She learned the ins and outs of policy implementation, and then, how that translates into changes in the community. In 2019, Maryland passed a bill to transition the state to 100% clean energy by 2040.
As part of this work, the state also formalized a program to provide grants and funding for community solar. Hansley saw an opening.
She first worked for another company, Neighborhood Sun, where she led its low- to moderate-income program.
Her job was to get people within this income bracket signed up with the company’s solar farms.
She spent time on the ground, knocking on doors, giving weekly presentations at local meetings—all to build relationships, to build trust. As she put it, she became known as “the solar woman.”
That’s how Tamara Toles O’Laughlin, the North America director for clean energy advocacy group 350.org, met Hansley.
At the time, O’Laughlin was leading the Maryland Environmental Health Network. She walked into a meeting of elderly Black women and saw Hansley talking to them about solar energy.
Seeing Hansley’s energy and ability to connect firsthand instilled a sense of solidarity for O’Laughlin, who is also a Black woman in a predominantly white space.
She recognized the value of this work in reducing greenhouse gases: The average U.S. household emits anywhere from 0.4 to 10.8 metric tons of carbon dioxide in energy use a year, according to a study published earlier this year. All that is offset when switching to renewables.
Eventually, Hansley left Neighborhood Sun to contract for them under her own company: WeSolar. That move is something O’Laughlin commends wholeheartedly.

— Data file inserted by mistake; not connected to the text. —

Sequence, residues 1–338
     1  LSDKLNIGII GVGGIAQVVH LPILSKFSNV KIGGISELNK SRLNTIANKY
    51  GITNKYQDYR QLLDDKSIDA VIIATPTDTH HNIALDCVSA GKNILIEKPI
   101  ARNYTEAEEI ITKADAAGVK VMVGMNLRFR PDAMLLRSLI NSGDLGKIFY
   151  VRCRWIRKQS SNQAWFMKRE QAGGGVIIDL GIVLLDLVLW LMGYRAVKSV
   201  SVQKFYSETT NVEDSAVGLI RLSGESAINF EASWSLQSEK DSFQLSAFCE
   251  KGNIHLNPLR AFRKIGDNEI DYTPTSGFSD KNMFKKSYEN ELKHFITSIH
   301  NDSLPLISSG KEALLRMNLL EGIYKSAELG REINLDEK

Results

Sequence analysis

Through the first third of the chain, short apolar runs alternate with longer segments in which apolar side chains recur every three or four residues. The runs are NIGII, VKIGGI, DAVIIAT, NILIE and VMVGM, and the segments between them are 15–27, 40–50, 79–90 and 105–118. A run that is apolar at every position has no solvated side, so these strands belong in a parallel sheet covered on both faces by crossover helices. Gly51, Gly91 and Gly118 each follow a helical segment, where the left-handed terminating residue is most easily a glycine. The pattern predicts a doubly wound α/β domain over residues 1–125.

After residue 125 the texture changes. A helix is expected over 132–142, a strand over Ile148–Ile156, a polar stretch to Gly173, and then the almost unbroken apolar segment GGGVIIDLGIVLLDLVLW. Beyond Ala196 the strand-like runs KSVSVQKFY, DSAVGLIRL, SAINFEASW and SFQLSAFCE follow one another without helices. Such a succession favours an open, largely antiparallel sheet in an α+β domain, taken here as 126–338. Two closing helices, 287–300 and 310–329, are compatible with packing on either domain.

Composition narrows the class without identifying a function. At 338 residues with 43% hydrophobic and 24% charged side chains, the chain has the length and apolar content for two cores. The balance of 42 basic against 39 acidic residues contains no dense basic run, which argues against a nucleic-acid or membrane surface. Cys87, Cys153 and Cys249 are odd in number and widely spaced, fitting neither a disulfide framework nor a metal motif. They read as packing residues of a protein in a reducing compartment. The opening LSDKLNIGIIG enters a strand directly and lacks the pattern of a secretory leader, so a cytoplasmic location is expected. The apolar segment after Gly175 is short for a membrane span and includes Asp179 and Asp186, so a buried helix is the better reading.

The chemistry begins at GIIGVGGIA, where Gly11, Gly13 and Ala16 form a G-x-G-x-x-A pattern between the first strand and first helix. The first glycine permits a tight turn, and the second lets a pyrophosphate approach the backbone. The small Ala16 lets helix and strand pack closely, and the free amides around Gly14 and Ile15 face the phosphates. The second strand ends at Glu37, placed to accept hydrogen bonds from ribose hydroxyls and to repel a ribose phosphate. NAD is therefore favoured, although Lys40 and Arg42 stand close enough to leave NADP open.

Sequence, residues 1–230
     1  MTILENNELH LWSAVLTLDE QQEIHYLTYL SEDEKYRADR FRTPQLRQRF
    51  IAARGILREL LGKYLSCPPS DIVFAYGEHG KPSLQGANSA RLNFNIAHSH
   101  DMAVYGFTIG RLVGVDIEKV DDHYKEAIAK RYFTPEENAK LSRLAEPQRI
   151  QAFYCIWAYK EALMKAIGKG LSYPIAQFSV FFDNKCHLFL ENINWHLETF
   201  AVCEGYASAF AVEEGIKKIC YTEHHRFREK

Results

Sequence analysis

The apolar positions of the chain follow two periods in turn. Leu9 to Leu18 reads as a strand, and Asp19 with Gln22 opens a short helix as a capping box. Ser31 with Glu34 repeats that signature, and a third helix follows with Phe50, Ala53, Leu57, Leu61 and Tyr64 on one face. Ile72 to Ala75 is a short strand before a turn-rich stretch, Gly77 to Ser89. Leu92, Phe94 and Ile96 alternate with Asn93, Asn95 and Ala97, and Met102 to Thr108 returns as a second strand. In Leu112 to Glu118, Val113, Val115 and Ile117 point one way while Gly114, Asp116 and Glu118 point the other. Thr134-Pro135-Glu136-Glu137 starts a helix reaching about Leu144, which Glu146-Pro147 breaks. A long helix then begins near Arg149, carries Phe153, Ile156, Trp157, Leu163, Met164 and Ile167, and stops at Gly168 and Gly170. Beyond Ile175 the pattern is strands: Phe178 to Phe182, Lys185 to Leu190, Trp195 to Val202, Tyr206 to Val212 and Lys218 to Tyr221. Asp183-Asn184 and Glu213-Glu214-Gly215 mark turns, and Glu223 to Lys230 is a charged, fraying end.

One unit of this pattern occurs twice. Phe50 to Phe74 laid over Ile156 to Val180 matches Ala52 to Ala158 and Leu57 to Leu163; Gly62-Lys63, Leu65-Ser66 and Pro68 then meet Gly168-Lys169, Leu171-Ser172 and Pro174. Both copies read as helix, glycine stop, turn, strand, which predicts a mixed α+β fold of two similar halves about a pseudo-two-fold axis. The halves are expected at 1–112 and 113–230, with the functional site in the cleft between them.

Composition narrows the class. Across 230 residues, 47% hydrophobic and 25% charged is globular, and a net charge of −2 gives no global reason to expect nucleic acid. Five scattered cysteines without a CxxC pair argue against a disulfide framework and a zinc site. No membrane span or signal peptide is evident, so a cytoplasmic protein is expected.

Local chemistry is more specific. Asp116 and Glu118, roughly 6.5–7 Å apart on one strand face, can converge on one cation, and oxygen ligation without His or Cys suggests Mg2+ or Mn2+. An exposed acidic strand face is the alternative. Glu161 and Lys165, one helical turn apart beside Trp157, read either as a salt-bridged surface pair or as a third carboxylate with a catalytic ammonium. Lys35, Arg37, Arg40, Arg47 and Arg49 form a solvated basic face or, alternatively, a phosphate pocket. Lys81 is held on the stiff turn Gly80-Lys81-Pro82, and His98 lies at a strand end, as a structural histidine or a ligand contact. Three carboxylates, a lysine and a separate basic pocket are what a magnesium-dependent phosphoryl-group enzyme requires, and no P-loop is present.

“She did a fantastic job in helping people realize that [solar] is not something that is for other people,” O’Laughlin says.
“When I found out she was going to be starting her own organization where she does this for her people as one of her people, I wanted to be supportive of her.”
She wasn’t the only one who wanted to support. Erica Ruffin, 37, remembers seeing Hansley share the launch of WeSolar on Facebook. Ruffin knew Hansley from their Howard University days.
When she saw Hansley was selling clean energy, she reached out. Ruffin signed up her house in Lanham, Maryland, a predominantly Black community, at the end of July.
She’s still waiting for the solar farm to have enough subscribers to begin sending power through—WeSolar estimates Ruffin will receive her credits by December—but she doesn’t mind.
Ruffin feels empowered knowing she’s not only supporting solar—her personal contribution to fighting the climate crisis—but also a business owned by a Black woman.
“We have to have power,” Ruffin says. “Why not do it and save the planet at the same time, and support a minority- and woman-owned business?”
Of course, Hansley is not your ordinary CEO. She didn’t come from a history of generational wealth. Her family hadn’t already created a solar empire for her to inherit.
She did this on her own. (Well, perhaps her grandma helped a little when she passed on that passion so many moons ago.) Now, Hansley is channeling her own energy back into the Black community, which the fossil fuel industry has long exploited through pollution and deceit.
Maryland is only the beginning—WeSolar plans to soon expand to cities around the country. As she forges ahead, the people who surround her know that Hansley has it handled.
Ruffin was quick to say it best: “She was literally born for this.”